With so many cattle vaccines available – nearly 125 different vaccines are currently on the market – there is a considerable amount of information, and misinformation, out there. To help clear up some misconceptions, Vic Cortese, DVM, PhD, DABVP and Pfizer Animal Health, bust nine common vaccine myths.

cow and calf

If a vaccine is licensed by the USDA, it will work all the time in all cattle.

False. The fact that a vaccine is licensed and available doesn’t mean it always works.

There are many reasons why a vaccine might not work, including:

• It was used on the wrong age of animal.


• The wrong disease outcome was measured.

• It was used on the wrong species.

• The disease was overwhelming.

• Animals were already sick.

“Annual vaccination” means a year of immunity.

False. We don’t really know the duration of immunity.

The USDA may not require duration of immunity studies. If a product successfully demonstrates efficacy at 14 to 35 days after the last vaccination, they are automatically given annual revaccination labels. This does not necessarily mean the animal may be protected for 12 months.

The higher the antibody titer (level) after vaccination, the better the protection.

False. Titers may be a poor indicator of level of protection.

There are many different antibodies involved in protection and non-protective antibodies can also be measured.

Vaccines are not effective in young calves because of blocking by maternal antibodies.

False. The role of maternal antibody interference is not clearly defined.

Depending upon the disease, the type of vaccine, the pre-existing antibody levels and the route of administration, some vaccines may be blocked by maternal antibodies, but others are not.

Generally, viral vaccines are not inhibited by maternal antibodies. Two exceptions are bovine viral diarrhea (BVD) and parvovirus. And as a general rule, bacterins may be blocked by maternal antibodies. A noteworthy exception is Lepto hardjo-bovis.

Many vaccines for calves are not inhibited by maternal antibodies, so ask your vaccine supplier to see efficacy studies done in calves with maternal antibodies if it is a concern.

Rotation of vaccines gives more complete protection.

False. The descriptions surrounding vaccine rotation, such as “optimal antigenic diversity,” “rotation means the broadest protection,” “avoid vaccine inbreeding” and “antigenic diversity is the key,” make it sound necessary.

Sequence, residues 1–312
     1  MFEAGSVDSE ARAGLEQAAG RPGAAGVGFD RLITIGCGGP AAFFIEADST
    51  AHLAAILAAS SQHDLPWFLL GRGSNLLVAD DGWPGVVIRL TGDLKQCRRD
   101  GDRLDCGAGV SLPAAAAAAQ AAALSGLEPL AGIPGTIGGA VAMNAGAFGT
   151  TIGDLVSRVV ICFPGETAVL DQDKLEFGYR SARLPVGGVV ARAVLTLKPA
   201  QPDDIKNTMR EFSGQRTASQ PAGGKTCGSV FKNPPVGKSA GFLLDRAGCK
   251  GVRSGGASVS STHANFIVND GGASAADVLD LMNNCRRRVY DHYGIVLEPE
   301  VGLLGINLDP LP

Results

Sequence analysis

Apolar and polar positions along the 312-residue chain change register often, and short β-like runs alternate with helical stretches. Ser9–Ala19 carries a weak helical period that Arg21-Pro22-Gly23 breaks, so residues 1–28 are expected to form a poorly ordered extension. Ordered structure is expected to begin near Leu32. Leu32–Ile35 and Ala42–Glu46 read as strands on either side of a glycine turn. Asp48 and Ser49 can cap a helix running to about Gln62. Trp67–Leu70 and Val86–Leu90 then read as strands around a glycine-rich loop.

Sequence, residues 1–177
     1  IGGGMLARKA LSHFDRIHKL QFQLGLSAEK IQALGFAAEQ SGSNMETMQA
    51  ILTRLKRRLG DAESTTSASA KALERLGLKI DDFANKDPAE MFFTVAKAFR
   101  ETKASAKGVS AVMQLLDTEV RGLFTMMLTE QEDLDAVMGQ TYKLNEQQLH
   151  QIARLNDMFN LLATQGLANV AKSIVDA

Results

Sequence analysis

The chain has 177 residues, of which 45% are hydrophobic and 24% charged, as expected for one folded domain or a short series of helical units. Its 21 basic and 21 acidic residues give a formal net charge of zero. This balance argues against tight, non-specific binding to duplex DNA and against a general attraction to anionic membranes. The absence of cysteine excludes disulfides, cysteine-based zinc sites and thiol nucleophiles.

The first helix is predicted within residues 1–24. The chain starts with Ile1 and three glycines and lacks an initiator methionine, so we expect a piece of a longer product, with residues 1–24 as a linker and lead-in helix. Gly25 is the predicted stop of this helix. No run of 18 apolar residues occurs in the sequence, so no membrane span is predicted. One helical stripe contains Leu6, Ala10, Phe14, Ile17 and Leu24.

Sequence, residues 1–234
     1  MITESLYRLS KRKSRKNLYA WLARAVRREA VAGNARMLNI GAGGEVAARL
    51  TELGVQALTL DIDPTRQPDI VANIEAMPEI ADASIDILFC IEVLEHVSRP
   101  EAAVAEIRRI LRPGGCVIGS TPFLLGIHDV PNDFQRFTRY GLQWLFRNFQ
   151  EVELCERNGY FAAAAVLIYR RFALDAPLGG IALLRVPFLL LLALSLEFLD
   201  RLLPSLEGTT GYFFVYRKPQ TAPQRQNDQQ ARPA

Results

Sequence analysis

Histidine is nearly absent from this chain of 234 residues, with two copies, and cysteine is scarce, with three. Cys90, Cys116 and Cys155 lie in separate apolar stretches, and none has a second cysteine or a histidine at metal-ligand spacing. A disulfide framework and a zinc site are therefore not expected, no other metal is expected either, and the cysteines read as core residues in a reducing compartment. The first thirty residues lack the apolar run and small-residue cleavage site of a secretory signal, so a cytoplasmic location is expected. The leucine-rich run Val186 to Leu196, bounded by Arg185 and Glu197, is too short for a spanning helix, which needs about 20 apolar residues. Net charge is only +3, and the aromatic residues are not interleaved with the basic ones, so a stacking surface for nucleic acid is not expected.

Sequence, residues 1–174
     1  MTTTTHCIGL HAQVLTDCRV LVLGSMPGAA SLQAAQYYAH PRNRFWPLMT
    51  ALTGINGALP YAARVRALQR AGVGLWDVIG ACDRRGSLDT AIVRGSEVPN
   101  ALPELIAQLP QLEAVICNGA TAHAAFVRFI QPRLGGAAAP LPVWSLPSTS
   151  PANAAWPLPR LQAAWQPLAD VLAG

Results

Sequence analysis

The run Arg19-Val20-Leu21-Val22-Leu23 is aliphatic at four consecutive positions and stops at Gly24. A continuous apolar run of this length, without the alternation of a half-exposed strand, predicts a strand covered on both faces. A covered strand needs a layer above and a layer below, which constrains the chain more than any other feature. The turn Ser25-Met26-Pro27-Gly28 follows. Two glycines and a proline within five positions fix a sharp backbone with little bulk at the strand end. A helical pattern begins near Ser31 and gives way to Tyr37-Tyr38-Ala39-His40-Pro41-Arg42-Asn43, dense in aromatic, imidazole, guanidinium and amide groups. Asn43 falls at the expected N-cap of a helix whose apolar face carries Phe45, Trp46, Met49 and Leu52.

The fact is, there are no challenge studies to support the idea of vaccine rotation. It also disregards differences in vaccines and is solely focused on BVD vaccines. There is an impracticality of vaccine rotation because many animals are in different stages of vaccination at any given time.

Inactivated vaccines are safer than modified-live vaccines.

False. The truth is, killed vaccines may cause more adverse reactions in animals because they contain more antigen mass, consist of more biologic components and rely on adjuvants.

BVDV congenital infection protection is more important than persistent infection protection.

False. Persistently Infected (PI) animals are what we must prevent to control BVD.

The true definition of congenital infection protection is exposure of the fetus in a non-immune pregnant cow during any stage of pregnancy. But it is often used to define exposure during the third trimester. This causes calves to be born with self-made BVD antibodies. The impact of later-term exposure on the health of newborn calves is not clear.

The timing of scours vaccines in the cow is not important.

False. The timing of the dam’s scours vaccination is critical to get maximum protection for the calf, and is crucial to good colostrum management.

The best time to vaccinate for scours is three to four weeks prior to calving. This timing will help ensure the maximum number of colostral antibodies are transferred to the calf through the colostrum, because peak immunity levels occur at this time.

Intranasal vaccines provide superior protection in cattle.

False. Intranasals may provide similar protective capabilities as systemic vaccination.

Intranasal vaccination may be used for calves:

• whose immune systems have already been compromised

• that are heavily stressed

• that are in the face of disease outbreaks

As a result, safety of their use is critical because it usually comes at a time when disease outbreaks are anticipated in young animals that are already heavily stressed. PD

—Excerpts from Pfizer Animal Health press release